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Getting the soil back into shape wasn’t the impetus for Jay Franklin’s no-till conversion more than 2 decades ago. As a young farmer facing tough times, he simply had his back against the wall.
In 1984, the no-tiller from northeastern Oklahoma had a field that is now thought to be the oldest continuous no-till field in the state. The 45-acre tract near Vinita, Okla., which had been farmed since 1872, was worn out and unproductive.
“I was just trying to survive,” Franklin recalls. “It was all about cutting costs. We’d had a drought, interest rates were high and I was in neck-deep. I didn’t really care what the neighbors thought because they weren’t going to be my neighbors for much longer if I didn’t do something.”
After going no-till cold turkey on that first 45-acre field, he did a cost analysis comparing no-till with a conventional-tillage system and projected a $31-per-acre savings advantage for no-till.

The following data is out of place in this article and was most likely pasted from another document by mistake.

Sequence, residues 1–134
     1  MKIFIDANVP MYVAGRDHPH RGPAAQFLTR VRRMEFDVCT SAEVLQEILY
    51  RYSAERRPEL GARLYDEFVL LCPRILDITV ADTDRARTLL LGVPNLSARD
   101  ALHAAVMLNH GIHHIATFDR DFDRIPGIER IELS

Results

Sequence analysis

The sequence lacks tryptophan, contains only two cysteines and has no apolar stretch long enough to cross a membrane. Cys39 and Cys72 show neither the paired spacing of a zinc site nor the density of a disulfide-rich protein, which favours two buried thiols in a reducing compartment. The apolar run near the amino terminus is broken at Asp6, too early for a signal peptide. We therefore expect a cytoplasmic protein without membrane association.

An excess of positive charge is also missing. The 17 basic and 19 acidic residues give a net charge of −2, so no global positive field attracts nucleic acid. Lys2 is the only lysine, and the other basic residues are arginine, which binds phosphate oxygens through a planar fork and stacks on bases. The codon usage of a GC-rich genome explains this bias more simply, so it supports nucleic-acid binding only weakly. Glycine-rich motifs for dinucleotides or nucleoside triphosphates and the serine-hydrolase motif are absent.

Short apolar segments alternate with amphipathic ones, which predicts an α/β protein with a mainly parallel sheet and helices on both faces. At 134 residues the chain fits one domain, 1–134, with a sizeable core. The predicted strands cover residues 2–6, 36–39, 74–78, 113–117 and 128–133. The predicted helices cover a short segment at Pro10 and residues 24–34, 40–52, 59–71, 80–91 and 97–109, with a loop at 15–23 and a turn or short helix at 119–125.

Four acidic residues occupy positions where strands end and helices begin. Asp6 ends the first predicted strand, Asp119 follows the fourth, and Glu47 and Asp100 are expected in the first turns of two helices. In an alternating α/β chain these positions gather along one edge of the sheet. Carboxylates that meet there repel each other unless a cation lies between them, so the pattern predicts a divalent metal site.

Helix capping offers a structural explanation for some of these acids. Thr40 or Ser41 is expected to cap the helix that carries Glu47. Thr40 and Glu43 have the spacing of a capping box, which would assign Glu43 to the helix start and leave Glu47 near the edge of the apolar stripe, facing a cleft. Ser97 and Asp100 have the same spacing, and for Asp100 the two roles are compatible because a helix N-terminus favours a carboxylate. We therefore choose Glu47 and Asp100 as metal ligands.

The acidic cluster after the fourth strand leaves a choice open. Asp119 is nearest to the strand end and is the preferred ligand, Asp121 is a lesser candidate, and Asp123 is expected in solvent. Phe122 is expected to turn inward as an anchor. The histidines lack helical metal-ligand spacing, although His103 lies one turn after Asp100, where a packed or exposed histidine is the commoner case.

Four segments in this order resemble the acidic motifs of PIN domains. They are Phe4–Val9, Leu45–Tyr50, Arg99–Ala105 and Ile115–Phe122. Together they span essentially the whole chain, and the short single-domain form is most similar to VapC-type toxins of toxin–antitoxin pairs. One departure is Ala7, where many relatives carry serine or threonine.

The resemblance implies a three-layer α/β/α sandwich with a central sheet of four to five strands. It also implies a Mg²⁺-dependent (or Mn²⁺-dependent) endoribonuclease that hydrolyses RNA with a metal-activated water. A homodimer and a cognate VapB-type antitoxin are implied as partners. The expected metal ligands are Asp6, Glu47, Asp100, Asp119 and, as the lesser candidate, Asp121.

The next year he converted his whole farm, trading his four-wheel-drive Case IH Steiger tractor for a no-till drill, despite the fact that literally no one else in the area was showing much interest in no-till.
Although he hasn’t run the numbers recently, Franklin believes the per-acre savings of no-till on his 1,000-acre farm would be dramatically higher in today’s farm economy. And as a loan officer for a local bank, he sees his share of balance sheets.
“When you compare the reduction in fuel, labor, machinery investment and associated costs, I would bet the…